Veteran’s Day remembers and celebrates the lives and efforts of soldiers, sailors and airmen the world over and especially those who gave the last full measure. It has been said of World War One that it very nearly obliterated an entire generation. In the wake of this most dreadful time followed prohibition, speakeasies, organized crime, the Jazz Age, the Stock Market crash, the migration of masses from the farm to the city and ulitmately the Depression and World War Two. The dissolutionment felt after World War One was expressed in literary, music, art, education, theater, financial and political upheavals felt round the world.
In the art world, painters, sculptors and artists veered off the beaten path of classicism, impressionist and expressionist art. Angst in government was expressed in new and startling exhibits from surrealist dream world conceptions, Cubist geometric portraiture, dadism, Fauvist riots of color and modernism with no attempt at form. In literary circles again traditionalism gave way to vastly divergent forms in prose and poetry; Hemingway’s manic-depressive tales, Tolkien’s flight of fantasy, Eugene O’Neil’s stark reality. In music jazz was king and music ruled the night. Drugs and disillusionment ruled the passions and plagued the souls of art. Bright Young Things pimped out in post-Edwardian boater hats, pin stripes, long fur coats and flappers with bobbed hair, knee revealing dresses, beads and ostrich plumes smoked and drank on the border of frenzy and some beyond.
Here is a list of literature and literature-based movies that walk us through the pleasure and heartache of post world war one and the jazz age.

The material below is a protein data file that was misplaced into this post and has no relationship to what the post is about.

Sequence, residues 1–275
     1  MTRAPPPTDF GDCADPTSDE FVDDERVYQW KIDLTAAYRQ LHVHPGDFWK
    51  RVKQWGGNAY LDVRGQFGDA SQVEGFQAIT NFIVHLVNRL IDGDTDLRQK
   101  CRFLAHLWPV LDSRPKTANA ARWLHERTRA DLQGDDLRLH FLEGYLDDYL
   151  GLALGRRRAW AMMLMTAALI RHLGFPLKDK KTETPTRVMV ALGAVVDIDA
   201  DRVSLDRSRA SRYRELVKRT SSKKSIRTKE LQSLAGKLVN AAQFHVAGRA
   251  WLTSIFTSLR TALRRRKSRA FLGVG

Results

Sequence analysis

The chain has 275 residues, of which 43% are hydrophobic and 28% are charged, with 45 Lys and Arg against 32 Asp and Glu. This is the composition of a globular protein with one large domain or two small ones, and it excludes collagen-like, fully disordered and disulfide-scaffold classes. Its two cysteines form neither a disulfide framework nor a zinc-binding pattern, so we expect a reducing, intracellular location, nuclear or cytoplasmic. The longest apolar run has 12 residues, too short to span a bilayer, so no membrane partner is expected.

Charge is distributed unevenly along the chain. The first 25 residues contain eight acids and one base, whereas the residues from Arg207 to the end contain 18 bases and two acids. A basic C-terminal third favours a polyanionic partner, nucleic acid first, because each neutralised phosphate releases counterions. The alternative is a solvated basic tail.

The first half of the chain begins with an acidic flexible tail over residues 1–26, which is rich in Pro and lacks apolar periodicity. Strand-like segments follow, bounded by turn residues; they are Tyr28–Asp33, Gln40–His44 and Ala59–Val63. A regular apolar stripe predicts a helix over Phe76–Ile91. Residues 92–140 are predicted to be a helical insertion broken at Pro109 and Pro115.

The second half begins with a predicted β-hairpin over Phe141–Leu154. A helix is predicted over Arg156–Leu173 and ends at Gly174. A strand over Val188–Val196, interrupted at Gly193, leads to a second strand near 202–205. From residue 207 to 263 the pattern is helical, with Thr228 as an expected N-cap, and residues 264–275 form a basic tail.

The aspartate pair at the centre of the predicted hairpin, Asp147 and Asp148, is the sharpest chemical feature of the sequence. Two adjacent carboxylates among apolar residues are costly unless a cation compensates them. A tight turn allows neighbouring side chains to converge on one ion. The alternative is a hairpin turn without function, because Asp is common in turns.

Georgia O’Keefe: (2009)Joan Allen and Jeremy Irons share with the love story of artist Georgia (Virginia) O’Keefe and Alfred Steiglitz photographer and owner of the reknown Steiglitz Gallery
Johnny Got His Gun – Should be required reading in all high school American Lit classes. Dalton Trumbo was blacklisted and banned for writing this story of a young soldier shot on the last day of World War One. Both arms and legs are amputated Joe also lost his eyes, ears, nose and mouth but not his life. One of the most haunting books you’ll ever read. Also made into a movie in 1971.
All That Jazz or Chicago Either the 2008 or 1979 version is excellent way to introduce students to the life and music of the jazz era.
The Jazz Singer: 1927 with Al Jolson. Jewish cantor must defy his strict father to become a jazz singer.
Funny Girl (1968) Story of Zeigfield Follies singer Fanny Brice and her rise to stardom from the Jewish slums of Manhattan’s lower east side. See also Funny Lady (1975) both with Barbara Streisand. Funny Girl was the first movie that my father took me to see.
The Great Gatsby psychodrama about the high society party life of the Bright Young Things.
The Sting – Classic story of organized crime and organized rebellion.
Reds – 1981 (Warren Beatty and Diane Keaton) story of communist underground movement in post World War One United States.
Ragtime: E.L.Doctorow One of the most comprehensive sagas of post World War One, the Jazz Era, Prohibition and life in the 1920s. More of an epic than a novel. 1981 movie also.
Public Enemy: Classic Cagney gangster film takes an honest look at life behind a gun.
Bonnie and Clyde: 1967 Faye Dunaway and Warren Beattie; surprisingly beautiful story wild, foolish and mostly disillusioned kids who turn to crime for money and laughs.
All Quiet on the Western Front- Erich Maria Remarque Excellent story of the War to End all Wars from the perspective of the ‘enemy’. Excellent novel.
Perfect for students in high school American literature and history classes.